If you’re doing most of the talking, there’s a problem. Once you’ve asked a question, sit back and let the candidate have the floor. Give them your undivided attention and focus on what they’re saying, taking notes about key points. You might even consider recording the interview to aid in your later assessment (provided that you’ve obtained proper consent from the candidate, of course).
6. Clarify key details
Even when you’re following an interview structure, you should allow some wiggle room to deviate if the candidate says something you want to know more about. Ask follow-up questions like ‘Can you tell me more about _____?’ and ‘Could you clarify what you meant by _____?’ to ensure you have an accurate understanding of the interviewee’s qualifications.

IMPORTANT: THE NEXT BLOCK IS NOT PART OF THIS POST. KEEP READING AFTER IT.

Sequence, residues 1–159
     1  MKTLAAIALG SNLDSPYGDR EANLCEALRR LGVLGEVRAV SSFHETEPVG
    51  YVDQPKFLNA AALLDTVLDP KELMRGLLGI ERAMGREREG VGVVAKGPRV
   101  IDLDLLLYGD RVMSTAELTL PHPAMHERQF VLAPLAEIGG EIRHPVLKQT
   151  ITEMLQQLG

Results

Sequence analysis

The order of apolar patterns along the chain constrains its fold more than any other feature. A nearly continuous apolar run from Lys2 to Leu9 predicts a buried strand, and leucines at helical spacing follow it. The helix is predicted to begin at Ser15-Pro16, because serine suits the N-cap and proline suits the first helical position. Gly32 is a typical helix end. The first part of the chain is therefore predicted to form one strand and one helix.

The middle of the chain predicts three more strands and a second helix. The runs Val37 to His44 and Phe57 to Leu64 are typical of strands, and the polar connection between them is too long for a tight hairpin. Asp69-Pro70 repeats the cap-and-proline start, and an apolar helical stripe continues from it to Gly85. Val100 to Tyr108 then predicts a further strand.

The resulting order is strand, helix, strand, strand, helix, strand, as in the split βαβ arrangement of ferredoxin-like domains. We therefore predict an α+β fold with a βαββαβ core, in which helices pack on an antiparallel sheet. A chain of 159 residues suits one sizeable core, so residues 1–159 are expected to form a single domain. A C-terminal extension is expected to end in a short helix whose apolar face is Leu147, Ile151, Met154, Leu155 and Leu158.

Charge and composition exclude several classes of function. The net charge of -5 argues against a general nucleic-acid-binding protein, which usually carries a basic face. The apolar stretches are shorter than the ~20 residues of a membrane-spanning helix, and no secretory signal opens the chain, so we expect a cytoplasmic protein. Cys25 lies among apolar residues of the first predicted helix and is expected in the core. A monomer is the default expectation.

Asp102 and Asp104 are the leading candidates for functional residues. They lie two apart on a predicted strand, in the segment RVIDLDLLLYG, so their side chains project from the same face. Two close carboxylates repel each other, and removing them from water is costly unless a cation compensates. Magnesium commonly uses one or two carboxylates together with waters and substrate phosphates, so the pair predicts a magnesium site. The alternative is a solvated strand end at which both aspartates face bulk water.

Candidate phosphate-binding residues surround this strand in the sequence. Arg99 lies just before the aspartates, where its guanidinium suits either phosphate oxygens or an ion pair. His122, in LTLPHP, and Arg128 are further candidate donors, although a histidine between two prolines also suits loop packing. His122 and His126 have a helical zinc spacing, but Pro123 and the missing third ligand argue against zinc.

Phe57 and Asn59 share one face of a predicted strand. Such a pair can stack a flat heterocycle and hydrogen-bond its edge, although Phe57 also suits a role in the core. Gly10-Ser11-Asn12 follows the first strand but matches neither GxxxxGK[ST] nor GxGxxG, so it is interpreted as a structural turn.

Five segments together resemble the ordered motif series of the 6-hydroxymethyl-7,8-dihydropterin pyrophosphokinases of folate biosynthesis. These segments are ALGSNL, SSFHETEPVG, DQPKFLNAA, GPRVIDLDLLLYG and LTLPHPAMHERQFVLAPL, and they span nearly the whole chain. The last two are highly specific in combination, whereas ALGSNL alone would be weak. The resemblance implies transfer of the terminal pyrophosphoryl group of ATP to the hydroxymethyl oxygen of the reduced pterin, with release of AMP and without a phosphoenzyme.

7. Allow the candidate to ask questions
Don’t underestimate the importance of this interview step. Candidate questions allow you to address any areas of concern the candidate may have and allow them to bring up additional strengths/skills you may not have asked about. Candidates may surprise you with the questions they ask, and their topics of interest can give you additional context on their values and interest level in the position.
8. Use a standardized scoring system
Assess all candidates using a consistent set of scoring criteria. Not only does this ensure you’re comparing applicants equally, it also helps keep subjectivity and bias out of the interview process.
Interviewing is one part skill, one part art. By continuously improving your interviewing skills, you’ll become a stronger leader, provide a better experience for candidates, and, most importantly, hire with greater success.